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By Heart and Vascular Care, PA
January 28, 2020
Category: Cardiology

Know the warning signs of heart disease and when to see a cardiologist.

While most people might assume that if something was wrong with their heart that they would know it, you may be surprised to discover that this isn’t necessarily true. Whether you have a family history of heart disease or you’ve been diagnosed with other health problems such as high cholesterol or blood pressure, there are many reasons why you may want to turn to our Orlando, FL, cardiologist, Dr. Pradip Baiju, to make sure that your heart stays healthy.

What are the signs and symptoms of heart disease?

Heart disease refers to a variety of conditions that affect how the heart functions. Diseases may include blood vessel disorders or coronary artery disease while other forms of heart disease may refer to arrhythmias (heart rhythm issues) and heart defects (e.g. leaky valves). Some forms of heart disease are congenital (meaning that the person is born with it) while others may develop over time.

Each type of heart disease has its own unique signs and symptoms; however, it’s important to visit our Orlando, FL, heart doctor right away if you or a family member is experiencing any of these general warning signs:

  • Sudden irregular heartbeat
  • A fast heart rate (over 100 beats/minute)
  • Extreme fatigue
  • Persistent dizziness or lightheadedness
  • Chest pain or discomfort
  • Trouble breathing with activity or rest
  • Sleep changes
  • Loss of appetite
  • Confusion

Additionally, there are certain symptoms that require immediate medical attention that should not go ignored. If you suspect that you or a loved one is experiencing a heart attack, call 911 right away. Signs of a heart attack include,

  • Intermittent chest pain and pressure
  • Pain that radiates to the left side of the body, including the back and arms
  • Weakness
  • Easily exhausted
  • Shortness of breath
  • Heartburn or indigestion
  • Cold sweats
  • Lightheadedness
  • Rapid heartbeat
  • Heart palpitations or flutters
  • Throat or jaw pain

Concerned? Give us a call

Everyone can benefit from visiting the cardiologist for routine checkups and screenings. Call Heart and Vascular Care in Orlando, FL, today at (407) 730-8970 to schedule an appointment for you or a loved one.

By Heart and Vascular Care, PA
October 29, 2019
Category: Vascular Health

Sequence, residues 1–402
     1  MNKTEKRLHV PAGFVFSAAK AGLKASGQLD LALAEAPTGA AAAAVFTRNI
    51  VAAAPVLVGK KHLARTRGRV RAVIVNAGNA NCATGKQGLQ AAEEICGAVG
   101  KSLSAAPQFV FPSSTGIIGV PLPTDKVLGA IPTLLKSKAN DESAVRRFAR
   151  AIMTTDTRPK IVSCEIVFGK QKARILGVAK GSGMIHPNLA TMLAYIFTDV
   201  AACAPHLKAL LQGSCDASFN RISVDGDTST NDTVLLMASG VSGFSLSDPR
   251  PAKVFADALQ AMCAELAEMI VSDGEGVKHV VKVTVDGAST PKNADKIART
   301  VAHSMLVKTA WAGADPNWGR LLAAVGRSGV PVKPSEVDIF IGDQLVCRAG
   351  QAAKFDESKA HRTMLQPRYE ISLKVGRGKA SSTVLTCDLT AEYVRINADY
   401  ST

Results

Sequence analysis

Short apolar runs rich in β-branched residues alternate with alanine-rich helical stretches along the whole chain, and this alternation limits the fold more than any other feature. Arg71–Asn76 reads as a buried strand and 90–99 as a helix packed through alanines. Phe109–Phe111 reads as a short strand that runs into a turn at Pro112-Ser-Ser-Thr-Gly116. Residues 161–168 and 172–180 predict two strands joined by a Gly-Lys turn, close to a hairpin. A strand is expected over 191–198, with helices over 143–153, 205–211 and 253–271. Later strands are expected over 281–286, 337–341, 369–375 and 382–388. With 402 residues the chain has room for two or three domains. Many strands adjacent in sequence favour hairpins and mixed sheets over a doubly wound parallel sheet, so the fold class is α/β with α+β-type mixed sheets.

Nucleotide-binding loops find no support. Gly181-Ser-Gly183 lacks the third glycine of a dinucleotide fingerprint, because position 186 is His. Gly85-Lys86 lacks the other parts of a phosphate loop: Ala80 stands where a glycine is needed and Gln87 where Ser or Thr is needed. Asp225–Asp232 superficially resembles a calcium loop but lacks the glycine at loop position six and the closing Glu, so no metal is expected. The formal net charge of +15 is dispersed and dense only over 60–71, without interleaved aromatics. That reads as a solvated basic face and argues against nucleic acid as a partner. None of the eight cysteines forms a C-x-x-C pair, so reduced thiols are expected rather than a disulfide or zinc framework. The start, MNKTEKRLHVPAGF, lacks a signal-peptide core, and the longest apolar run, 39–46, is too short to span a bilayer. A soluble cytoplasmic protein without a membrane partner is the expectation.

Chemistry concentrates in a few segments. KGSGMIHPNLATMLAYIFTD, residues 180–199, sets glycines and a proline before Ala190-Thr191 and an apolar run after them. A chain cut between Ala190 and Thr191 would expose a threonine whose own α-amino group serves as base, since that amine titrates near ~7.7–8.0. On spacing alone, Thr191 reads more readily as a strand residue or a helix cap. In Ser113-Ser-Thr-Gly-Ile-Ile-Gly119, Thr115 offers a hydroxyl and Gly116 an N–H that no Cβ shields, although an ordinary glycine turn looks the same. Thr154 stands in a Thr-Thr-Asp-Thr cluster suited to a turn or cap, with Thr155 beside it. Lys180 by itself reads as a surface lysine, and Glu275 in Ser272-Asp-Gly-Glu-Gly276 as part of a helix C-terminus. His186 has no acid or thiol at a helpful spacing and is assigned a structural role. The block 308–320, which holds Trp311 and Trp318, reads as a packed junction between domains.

According to the Centers for Disease Control and Prevention (CDC), heart disease accounts for one in every four deaths in the UnitedDoctor States every year, making it the leading cause of death for American adults. There are different types of heart disease and a number of factors that increase the risk of developing cardiac problems, from lifestyle and diet to family history and genetics. If you have an elevated risk for heart disease, stress tests and EKG help to monitor your heart. They're also a diagnostic tool for people exhibiting signs of a heart attack or cardiac disease. Our cardiologist Dr. Pradip Baiju and the cardiology team at Heart and Vascular Care, PA, offer vascular care and diagnostic testing across three convenient locations in Orlando, FL.


Cardiology Services in Orlando, FL

A stress test lets your cardiologist see how your heart reacts to physical exertion and exercise. A stress test usually involves walking or jogging on a treadmill, or riding a stationary bike. Your breathing, heart rate, and blood pressure are monitored to get an idea of how hard your heart is working during physical activity in order to detect potential problems.

An EKG (electrocardiogram) is a diagnostic test that monitors the electrical signals in your heart to check your heart rhythm and identify any irregularities.


Types of Heart Disease

Heart disease covers a range of abnormalities and defects including:

  • Congenital heart disease (present from birth)
  • Arrhythmia (irregular heartbeat)
  • Artery disease (weakened or blockage in the arteries that supply blood to the heart)
  • Heart attack (myocardial infarction)
  • Cardiomyopathy
  • Pulmonary stenosis
  • Mitral valve problems

Other health problems like diabetes, obesity, high blood pressure, and high cholesterol are also risk factors for heart disease when left untreated.


Find a Cardiologist in Orlando, FL

For more information about cardiovascular disease prevention and treatment services, contact Heart and Vascular Care, PA by calling (407) 730-8970 to schedule an appointment at one of our three convenient Orlando locations.

By Heart and Vascular Care, PA
May 24, 2019
Category: Vascular Health
Tags: Varicose Veins  

Varicose veins. Your mother suffered with them, and now you do too. Luckily, here at Heart and Vascular Care, PA in Orlando, FL, your cardiologist, Dr. Pradip Baiju, evaluates and treats these dysfunctional blood vessels, improving blood flow, personal appearance, and level of physical activity. With his help, you can receive permanent help for this uncomfortable condition!

What are varicose veins?

Veins are the non-elastic blood vessels which return de-oxygenated blood to the heart. Coursing throughout the body, veins contain smallVaricose Veins valves which can become dysfunctional or incompetent, leading to the pooling of blood in the extremities.

These poorly functioning veins are called varicosities, or more commonly, varicose veins. They tend to run in families and particularly plague women (especially during pregnancy), people who stand for long periods of time, and those that are obese.

Because these blood vessels do not work well, they become deformed, twisted, and lumpy, showing through the skin of the feet and legs. The National Heart, Lung, and Blood Institute says that people with even mild varicose veins can experience symptoms such as:

  • Itching
  • Swelling (and impaired mobility)
  • Veins that appear obvious and unattractive
  • Discolored skin
  • Pain or a feeling of heaviness

Treating varicose veins